Affirmative action has found great support from the government in form of policies as well as various decisions from the courts. In the case of Grutter v. Bollinger (2003), the court held that institutions can use race as a factor of admission to achieve race diversity in the composition of their students. This is because adoption of color blind policies will only favor white students due to the fact that they get exposed to education systems early in life.

In the case of Griggs v. Duke Power co., the court decided that the employment requirements were discriminating because promotions were not done fairly on the ground of job performance. The government also helped to enforce the affirmative action in 1979 when President Jimmy Carter issued an executive order which led to the creation of National Women’s Business Enterprise Policy (Tittle 253). This enhanced implementation of affirmative action thus enabling women to prosper in entrepreneurship.

The Americans with Disabilities Act of 1990 is also among the measures that have been taken by the government to help in the efforts of affirmative action. This Act ensures that people with disabilities are given equal treatment as any other person during employment or promotion process. The review of affirmative action that was ordered by president Clinton in 1998 found that affirmative action is very crucial. However, the review suggested continuous evaluation to ensure that any negative effects are eliminated immediately.

It is important to note that there are also efforts to stop the enforcement of affirmative action. The most recent include the case of Fisher v. University of Texas. In this case the plaintiffs are arguing that they were discriminated against when they failed to get admitted to the university.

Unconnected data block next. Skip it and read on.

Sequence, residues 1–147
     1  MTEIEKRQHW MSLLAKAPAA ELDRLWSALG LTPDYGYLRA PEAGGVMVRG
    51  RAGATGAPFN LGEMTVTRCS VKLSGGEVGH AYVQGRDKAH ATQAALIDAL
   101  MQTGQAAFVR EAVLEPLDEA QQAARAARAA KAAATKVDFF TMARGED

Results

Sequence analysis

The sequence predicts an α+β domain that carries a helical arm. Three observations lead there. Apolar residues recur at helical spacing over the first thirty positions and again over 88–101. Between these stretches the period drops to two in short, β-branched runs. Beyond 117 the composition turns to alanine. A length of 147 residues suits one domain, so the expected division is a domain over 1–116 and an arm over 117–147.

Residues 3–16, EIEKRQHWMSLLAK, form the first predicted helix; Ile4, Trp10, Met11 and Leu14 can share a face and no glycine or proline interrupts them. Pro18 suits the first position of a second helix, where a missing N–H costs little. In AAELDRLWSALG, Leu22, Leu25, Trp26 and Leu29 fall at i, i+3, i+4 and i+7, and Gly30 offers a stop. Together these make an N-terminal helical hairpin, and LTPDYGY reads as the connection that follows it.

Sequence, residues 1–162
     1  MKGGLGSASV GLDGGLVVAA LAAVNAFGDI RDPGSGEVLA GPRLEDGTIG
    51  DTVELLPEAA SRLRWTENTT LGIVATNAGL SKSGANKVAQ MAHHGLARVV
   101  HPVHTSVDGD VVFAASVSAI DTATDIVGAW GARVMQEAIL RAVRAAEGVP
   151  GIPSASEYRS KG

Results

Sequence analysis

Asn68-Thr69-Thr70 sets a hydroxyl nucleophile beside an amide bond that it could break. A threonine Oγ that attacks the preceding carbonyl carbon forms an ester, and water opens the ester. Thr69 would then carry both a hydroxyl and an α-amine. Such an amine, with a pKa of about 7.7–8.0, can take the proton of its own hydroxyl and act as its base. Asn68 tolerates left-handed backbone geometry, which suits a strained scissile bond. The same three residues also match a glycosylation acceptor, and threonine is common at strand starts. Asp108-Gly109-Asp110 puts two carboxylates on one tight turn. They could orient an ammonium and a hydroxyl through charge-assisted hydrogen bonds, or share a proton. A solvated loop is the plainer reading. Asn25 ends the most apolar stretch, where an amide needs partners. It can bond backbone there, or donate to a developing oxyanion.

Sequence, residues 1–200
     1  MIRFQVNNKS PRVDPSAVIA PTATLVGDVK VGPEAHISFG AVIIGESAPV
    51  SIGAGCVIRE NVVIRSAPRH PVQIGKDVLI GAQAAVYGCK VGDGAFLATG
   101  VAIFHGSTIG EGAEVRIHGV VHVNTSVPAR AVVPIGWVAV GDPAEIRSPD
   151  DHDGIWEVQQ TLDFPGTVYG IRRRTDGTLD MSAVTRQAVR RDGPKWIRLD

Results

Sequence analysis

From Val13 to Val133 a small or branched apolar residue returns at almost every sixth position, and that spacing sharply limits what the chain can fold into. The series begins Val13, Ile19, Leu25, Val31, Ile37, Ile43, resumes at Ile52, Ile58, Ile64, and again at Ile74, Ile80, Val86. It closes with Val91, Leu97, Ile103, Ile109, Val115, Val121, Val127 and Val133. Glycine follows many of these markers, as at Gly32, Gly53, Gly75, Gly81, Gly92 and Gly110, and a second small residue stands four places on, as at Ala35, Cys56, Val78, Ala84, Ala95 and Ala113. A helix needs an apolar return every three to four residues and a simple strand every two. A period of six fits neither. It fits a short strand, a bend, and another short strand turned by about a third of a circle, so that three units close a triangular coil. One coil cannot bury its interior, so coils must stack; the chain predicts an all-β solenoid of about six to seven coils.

They are citing the university’s application of the affirmative action as the cause. The future of affirmative action in learning institutions depends on the ruling of this case. If the court overturns or affirms the ruling of Grutter v. Bollinger is matter that we can only wait to see. It is paramount to note that there have been successful petitions against affirmative action in the past. In the case of Hopwood v. Texas (1996), it was held that the university could not use race as a factor of admission (Sharma 117).

Opponents of affirmative action argue that it is ethically wrong to favor some people in society. The argument is that affirmative action is a way of punishing innocent people from majority communities who were not there when discrimination was taking place. Moreover, it is unethical to just wait until people are grown up to give them favors (Fischer 4).

From the time of birth, minority communities should be given equal chances so that they may stand a good chance of competing effectively with the others. However, it should be noted that there is everything ethically correct in trying to favor people who have been pushed to the back in various societal aspects. If people agree that segregation was ethically wrong and immoral, then affirmative action is ethically right because it addresses the effects of segregation.

The minority and colored people still comprise a very minimal percentage when it comes to various economic sectors. Unemployment rate among black people is double that of white people. There are still huge disparities in terms of education levels between Black-Americans and White-Americans.

The effects of segregation have not yet been fully addressed. Moreover, it has been depicted that without affirmative action these disparities will escalate.

Many people will avoid women workers or the disabled due to reasons well known to them. It is, therefore, important to have affirmative action in place to help in addressing issues that equality policies cannot be effective in tackling. Nevertheless, it would be vital to ensure that affirmative action policies are well formulated to minimize any negative effects that might arise.

Works Cited

Fischer, Katharina. Advantages and Controversy of US “Affirmative Action” Concerning African-Americans. Munchen: GRIN Verlag, 2010. Print.

Sharma, Arvind. Reservation and Affirmative Action: Models of Social Integration in India and the United states. Thousand Oaks: SAGE Publishers, 2005. Print.

Tittle, Peg. Ethical Issues in Business: Inquiries, Cases, and Readings. Peterborough: Broadview Press, 2000. Print.